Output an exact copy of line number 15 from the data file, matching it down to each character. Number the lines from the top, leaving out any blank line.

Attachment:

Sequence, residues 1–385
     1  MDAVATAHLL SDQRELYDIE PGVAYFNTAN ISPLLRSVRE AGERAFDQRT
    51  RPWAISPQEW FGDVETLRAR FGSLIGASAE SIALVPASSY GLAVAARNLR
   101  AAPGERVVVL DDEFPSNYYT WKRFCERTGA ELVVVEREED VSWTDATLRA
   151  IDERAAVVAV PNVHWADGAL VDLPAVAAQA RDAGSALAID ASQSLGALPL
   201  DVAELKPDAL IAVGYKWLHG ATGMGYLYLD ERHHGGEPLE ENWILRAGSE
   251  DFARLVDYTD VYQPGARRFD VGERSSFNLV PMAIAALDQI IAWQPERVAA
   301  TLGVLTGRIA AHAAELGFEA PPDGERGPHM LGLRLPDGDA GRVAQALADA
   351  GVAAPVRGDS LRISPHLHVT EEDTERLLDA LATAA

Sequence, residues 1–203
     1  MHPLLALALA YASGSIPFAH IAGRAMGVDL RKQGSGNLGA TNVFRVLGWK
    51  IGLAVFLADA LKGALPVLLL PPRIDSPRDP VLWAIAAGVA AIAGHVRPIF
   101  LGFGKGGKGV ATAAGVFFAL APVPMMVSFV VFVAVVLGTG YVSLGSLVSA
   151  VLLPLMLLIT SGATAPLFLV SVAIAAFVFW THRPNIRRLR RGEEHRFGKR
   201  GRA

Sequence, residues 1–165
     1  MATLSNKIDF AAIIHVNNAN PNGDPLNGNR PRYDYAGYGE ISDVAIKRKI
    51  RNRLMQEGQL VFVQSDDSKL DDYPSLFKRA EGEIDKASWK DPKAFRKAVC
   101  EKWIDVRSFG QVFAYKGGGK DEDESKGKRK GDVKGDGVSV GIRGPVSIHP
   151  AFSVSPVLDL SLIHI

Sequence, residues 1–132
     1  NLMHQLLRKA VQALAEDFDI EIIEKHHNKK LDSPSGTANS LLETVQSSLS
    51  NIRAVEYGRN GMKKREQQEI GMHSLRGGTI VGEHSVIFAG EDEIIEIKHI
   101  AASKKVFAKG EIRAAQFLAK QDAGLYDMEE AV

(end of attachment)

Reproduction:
   201  GRA